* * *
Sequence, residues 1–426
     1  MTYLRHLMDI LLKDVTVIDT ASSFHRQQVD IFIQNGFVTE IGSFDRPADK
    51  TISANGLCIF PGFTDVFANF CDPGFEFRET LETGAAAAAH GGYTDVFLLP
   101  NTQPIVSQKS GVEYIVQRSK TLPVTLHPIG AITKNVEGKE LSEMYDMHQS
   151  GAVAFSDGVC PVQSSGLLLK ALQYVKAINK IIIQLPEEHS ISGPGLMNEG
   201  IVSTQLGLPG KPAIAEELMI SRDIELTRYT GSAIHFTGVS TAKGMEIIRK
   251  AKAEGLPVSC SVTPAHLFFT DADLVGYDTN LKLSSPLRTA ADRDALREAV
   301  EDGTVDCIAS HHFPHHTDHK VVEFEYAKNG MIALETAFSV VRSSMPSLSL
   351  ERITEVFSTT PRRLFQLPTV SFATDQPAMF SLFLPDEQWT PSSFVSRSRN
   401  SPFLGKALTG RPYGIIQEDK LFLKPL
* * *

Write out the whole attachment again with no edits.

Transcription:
Sequence, residues 1–426
     1  MTYLRHLMDI LLKDVTVIDT ASSFHRQQVD IFIQNGFVTE IGSFDRPADK
    51  TISANGLCIF PGFTDVFANF CDPGFEFRET LETGAAAAAH GGYTDVFLLP
   101  NTQPIVSQKS GVEYIVQRSK TLPVTLHPIG AITKNVEGKE LSEMYDMHQS
   151  GAVAFSDGVC PVQSSGLLLK ALQYVKAINK IIIQLPEEHS ISGPGLMNEG
   201  IVSTQLGLPG KPAIAEELMI SRDIELTRYT GSAIHFTGVS TAKGMEIIRK
   251  AKAEGLPVSC SVTPAHLFFT DADLVGYDTN LKLSSPLRTA ADRDALREAV
   301  EDGTVDCIAS HHFPHHTDHK VVEFEYAKNG MIALETAFSV VRSSMPSLSL
   351  ERITEVFSTT PRRLFQLPTV SFATDQPAMF SLFLPDEQWT PSSFVSRSRN
   401  SPFLGKALTG RPYGIIQEDK LFLKPL